Air tests in mine found no high levels of gases

CHARLESTON, W.Va. —Air samples did not show high levels of explosive gases just before an explosion in a West Virginia coal mine that killed 29 workers, and what caused the disaster remains unknown, the mine's owner said Monday.

Massey Energy Co. board director Stanley Suboleski said the samples were taken by foremen as part of a shift change exam at the Upper Big Branch mine, just "tens of minutes" before the blast. The examination also showed that air flow in the underground mine was fine.

"All the indicators are that at the start of the shift, everything was OK," said Suboleski, a mining engineer.

Suboleski, two other Massey board directors and chief executive Don Blankenship held a news conference Monday to address several issues related to the explosion, the nation's worst coal mining disaster in 40 years.

The U.S. Mine Safety and Health Administration has issued the mine eight citations for violating preshift examination rules in 2010. Suboleski told reporters that the overall number of violations for this year and in 2009 was comparable to those at similar operations in the Appalachian coalfields. About 60 percent of Upper Big Branch's violations were deemed "nonserious or nonsubstantial" by inspectors, Suboleski said.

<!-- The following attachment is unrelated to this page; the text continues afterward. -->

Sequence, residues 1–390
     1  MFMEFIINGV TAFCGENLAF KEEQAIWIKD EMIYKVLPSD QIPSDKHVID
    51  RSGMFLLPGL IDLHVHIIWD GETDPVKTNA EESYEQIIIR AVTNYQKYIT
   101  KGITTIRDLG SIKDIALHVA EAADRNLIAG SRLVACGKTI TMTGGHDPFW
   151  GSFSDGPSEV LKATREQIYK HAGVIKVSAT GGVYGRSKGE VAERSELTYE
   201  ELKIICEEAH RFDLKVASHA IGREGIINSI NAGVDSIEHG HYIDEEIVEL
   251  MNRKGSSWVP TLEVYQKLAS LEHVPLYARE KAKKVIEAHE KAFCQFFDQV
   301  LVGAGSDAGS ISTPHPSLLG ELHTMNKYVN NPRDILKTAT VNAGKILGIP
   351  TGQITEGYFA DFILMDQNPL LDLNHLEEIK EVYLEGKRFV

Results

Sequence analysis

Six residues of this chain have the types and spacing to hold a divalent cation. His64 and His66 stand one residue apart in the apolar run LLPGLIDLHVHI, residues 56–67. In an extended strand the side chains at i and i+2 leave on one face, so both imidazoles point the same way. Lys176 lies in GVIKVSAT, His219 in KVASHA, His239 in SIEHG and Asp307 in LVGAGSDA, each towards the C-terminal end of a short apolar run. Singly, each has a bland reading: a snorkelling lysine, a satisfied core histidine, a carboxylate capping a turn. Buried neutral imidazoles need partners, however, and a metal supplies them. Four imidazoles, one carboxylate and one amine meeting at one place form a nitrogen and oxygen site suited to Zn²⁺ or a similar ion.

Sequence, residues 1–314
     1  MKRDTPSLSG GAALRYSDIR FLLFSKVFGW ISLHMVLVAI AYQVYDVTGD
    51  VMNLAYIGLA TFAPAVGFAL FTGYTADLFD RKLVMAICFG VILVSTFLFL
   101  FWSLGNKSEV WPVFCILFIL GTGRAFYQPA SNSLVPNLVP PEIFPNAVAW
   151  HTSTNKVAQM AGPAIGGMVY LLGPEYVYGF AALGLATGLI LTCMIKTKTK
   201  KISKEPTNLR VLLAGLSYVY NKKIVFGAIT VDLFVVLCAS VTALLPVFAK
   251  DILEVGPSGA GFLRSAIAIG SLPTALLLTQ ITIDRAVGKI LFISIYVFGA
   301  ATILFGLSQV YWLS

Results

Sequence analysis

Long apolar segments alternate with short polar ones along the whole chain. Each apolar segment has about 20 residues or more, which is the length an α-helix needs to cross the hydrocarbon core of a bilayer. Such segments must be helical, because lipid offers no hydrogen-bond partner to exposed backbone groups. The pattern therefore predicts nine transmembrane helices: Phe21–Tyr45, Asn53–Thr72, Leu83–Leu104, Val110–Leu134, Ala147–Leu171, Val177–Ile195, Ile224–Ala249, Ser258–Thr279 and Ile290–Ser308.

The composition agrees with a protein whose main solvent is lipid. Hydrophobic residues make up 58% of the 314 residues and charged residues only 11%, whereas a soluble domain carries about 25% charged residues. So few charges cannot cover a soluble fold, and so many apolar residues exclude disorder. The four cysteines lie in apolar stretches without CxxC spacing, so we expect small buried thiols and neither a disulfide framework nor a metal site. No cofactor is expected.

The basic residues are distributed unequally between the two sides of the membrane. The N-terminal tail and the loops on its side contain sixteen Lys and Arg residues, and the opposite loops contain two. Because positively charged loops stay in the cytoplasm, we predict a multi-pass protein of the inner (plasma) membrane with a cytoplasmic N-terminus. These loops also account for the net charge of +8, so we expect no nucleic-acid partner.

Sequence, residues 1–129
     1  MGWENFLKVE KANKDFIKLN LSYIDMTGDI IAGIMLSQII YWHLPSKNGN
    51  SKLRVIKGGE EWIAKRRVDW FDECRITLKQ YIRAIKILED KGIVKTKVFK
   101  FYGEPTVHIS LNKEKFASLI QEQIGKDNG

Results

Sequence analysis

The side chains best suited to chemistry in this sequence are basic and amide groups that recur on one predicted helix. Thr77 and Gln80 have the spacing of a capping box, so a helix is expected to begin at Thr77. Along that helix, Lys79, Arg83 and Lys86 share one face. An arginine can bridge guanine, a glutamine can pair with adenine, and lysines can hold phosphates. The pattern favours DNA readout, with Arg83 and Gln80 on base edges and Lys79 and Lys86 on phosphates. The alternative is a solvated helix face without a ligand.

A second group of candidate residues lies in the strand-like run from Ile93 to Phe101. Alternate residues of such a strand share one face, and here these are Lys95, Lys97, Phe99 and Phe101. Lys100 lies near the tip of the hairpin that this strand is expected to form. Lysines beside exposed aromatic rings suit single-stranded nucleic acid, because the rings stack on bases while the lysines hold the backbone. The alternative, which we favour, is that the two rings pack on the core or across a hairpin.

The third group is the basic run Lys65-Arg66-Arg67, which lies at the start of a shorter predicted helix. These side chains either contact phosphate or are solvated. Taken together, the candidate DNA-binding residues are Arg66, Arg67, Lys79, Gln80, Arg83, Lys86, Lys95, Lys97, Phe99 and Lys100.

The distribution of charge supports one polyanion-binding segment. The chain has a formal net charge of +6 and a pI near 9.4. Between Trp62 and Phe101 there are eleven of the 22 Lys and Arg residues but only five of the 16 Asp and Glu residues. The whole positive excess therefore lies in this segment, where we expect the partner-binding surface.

But Suboleski also noted media reports that the mine had been hit with an "inordinate" amount of MSHA orders last year alleging the most serious kinds of violations. Massey assigned two full-time employees to address safety issues at the mine, and the number of those orders dropped by 80 percent in the seven months before the blast, he said.

Massey Board Director Bobby Inman called allegations that the company put profits over safety a "big lie." He blamed such sentiment on plaintiffs' lawyers and leaders of the AFL-CIO and United Mine Workers union. The UMW said Monday that it would help investigate the blast, and both it and the AFL-CIO rejected Inman's comments as spin.

"The big truth is, 52 people have been killed on Massey property since 2000," said Phil Smith, a UMW spokesman. "No other coal company has had even half that. The numbers are pretty clear."

Inman also repeated the board's recent expression of confidence in Blankenship, who has become lightning rod for criticism of the company and its handling of the mine in the disaster's wake.

Massey is facing a shareholder lawsuit stemming from the explosion, as well as wrongful death litigation and mounting scrutiny from regulators.